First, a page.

Up to 15 trucks laden with illegally logged timber are being smuggled from northern Burma through army checkpoints into China every day, locals in Kachin state have said.
A resident of Bhamo, close to the Chinese border, told DVB that army units along the trade route have been “collecting a toll” from the 10 to 15 military trucks that daily carry the timber, often from Ruili in Shan state.
He added that the Chinese were paying money and forcing local army, police, and forestry officials units to Burma to work for them. Officials on the Burmese side acquiesced, he said, because of looming financial uncertainties.
“Since civil service personnel do not know what is going to happen to them after the 2010 elections, they have no qualms about doing anything for money,” he said, adding that army majors and commanders were involved in the illegal activities.
A Global Witness report in October last year said that the trade had “dramatically slowed” as China tightened border controls. Between 2005 and 2008, the border area had seen a 70 percent drop in illegal timber smuggling.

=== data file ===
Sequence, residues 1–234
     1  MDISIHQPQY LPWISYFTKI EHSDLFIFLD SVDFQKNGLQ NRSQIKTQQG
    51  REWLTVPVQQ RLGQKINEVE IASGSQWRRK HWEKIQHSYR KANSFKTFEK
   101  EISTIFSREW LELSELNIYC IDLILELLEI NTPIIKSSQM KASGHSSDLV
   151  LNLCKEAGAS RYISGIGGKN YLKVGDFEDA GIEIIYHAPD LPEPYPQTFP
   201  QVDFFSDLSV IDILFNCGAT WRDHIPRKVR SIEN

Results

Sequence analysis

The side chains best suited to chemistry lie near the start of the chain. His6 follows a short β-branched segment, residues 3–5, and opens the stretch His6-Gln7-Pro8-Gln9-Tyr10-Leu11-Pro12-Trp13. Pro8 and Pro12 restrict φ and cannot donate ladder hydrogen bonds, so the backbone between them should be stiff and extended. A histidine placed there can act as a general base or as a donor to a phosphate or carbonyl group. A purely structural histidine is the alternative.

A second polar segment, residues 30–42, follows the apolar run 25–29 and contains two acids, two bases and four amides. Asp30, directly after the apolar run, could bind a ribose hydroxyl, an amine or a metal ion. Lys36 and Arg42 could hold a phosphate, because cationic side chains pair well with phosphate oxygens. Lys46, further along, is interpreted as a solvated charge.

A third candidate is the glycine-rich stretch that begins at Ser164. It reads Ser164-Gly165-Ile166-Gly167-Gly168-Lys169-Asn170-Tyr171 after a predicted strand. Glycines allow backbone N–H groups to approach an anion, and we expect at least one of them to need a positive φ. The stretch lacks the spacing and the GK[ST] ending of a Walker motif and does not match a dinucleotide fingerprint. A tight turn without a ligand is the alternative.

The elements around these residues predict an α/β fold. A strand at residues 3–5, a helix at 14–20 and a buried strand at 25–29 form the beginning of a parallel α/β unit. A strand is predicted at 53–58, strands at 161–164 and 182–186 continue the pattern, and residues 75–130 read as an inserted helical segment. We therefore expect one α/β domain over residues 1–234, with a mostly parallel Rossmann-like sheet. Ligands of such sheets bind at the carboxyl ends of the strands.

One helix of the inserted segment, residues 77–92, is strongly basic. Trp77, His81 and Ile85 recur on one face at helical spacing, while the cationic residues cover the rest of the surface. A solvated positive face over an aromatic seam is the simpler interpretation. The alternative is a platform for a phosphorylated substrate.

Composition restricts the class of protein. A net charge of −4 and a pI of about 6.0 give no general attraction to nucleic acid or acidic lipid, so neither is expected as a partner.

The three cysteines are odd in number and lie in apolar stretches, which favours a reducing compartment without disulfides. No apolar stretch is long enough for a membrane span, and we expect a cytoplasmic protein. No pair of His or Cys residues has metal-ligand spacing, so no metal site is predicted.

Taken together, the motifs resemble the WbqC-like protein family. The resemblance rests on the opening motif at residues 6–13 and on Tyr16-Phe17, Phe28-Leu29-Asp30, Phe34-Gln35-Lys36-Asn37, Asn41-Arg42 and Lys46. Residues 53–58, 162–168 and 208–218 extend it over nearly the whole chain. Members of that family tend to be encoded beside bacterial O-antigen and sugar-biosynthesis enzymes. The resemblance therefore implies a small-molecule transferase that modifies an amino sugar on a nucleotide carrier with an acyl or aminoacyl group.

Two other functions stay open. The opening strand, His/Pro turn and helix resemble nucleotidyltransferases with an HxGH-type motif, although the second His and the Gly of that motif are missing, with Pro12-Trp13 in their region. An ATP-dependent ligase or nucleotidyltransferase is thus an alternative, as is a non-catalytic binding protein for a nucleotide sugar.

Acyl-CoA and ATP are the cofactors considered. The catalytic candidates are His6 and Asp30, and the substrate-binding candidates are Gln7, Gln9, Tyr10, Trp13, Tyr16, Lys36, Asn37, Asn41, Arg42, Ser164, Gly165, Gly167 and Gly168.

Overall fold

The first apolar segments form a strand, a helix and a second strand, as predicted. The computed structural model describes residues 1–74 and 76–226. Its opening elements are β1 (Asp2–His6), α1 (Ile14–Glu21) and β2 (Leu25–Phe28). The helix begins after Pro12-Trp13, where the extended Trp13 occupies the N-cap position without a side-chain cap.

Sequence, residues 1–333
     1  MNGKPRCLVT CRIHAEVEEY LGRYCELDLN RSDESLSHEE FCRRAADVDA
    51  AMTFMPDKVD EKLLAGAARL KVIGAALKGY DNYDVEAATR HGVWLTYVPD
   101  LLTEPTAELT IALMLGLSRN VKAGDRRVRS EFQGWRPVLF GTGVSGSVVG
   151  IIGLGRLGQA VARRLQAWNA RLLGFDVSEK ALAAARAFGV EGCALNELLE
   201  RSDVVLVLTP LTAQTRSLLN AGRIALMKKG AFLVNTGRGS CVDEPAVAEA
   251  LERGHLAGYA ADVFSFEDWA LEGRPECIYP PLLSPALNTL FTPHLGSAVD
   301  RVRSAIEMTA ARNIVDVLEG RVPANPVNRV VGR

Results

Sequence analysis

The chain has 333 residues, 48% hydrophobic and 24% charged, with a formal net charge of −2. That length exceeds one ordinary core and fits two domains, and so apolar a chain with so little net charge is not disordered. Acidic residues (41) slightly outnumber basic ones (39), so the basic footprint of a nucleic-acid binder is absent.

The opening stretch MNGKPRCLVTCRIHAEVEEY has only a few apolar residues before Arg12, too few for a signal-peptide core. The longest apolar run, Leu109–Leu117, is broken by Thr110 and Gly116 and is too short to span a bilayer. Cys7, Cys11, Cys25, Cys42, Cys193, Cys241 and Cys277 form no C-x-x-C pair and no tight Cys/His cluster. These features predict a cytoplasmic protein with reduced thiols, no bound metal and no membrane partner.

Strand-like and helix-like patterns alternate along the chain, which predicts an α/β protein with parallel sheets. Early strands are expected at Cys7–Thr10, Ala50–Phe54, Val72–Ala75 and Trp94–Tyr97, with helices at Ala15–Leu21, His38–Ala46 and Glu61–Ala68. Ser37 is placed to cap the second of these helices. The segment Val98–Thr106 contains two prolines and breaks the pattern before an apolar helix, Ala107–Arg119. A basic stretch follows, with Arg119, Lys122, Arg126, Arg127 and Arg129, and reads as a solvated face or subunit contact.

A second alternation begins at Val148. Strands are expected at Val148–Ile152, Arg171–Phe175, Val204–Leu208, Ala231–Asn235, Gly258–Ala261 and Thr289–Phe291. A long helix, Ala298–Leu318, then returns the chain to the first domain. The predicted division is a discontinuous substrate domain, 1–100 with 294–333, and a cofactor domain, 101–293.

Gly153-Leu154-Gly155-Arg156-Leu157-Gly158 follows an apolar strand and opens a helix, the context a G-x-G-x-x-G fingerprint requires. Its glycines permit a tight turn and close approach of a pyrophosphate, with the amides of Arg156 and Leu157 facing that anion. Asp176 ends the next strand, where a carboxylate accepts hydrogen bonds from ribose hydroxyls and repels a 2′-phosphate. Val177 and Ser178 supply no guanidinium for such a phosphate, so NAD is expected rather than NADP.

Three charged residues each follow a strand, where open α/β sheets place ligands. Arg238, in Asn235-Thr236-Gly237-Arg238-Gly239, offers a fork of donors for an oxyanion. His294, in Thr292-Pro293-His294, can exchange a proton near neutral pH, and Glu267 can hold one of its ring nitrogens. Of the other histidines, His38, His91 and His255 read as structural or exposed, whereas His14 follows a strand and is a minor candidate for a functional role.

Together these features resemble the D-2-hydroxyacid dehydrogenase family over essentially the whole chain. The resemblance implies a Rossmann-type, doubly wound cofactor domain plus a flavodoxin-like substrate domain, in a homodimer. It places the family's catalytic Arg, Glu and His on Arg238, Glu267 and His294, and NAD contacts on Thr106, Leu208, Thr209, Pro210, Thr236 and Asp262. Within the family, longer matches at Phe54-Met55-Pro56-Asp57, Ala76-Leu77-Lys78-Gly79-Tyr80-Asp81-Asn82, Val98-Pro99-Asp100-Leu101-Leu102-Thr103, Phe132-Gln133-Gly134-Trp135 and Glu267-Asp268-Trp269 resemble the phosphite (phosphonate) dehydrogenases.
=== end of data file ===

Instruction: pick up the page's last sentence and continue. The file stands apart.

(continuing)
Despite this, the advocacy group said that of the 270,000 m3 of logs imported into China in 2008, 90 percent were illegally felled.
Burma has one of the world’s last virgin forests, and 60 percent of the globe’s teak trees. But economic ruin brought about by decades of economic mismanagement and international sanctions have pushed both the ruling junta and local ethnic armies to aggressively fell the trees to sell to China. As a result, Burma has over the past decade seen one of the fastest rates of deforestation in the world.
Corruption in the army is rife, and is a key facilitator of the illegal trade. Army privates can receive as little as $US10 per month in salary, forcing them to rely on bribe-taking from such activities.
But a vast amount of illegal Burmese timber ends up in the UK, which is one of the largest markets for wood-products produced in China.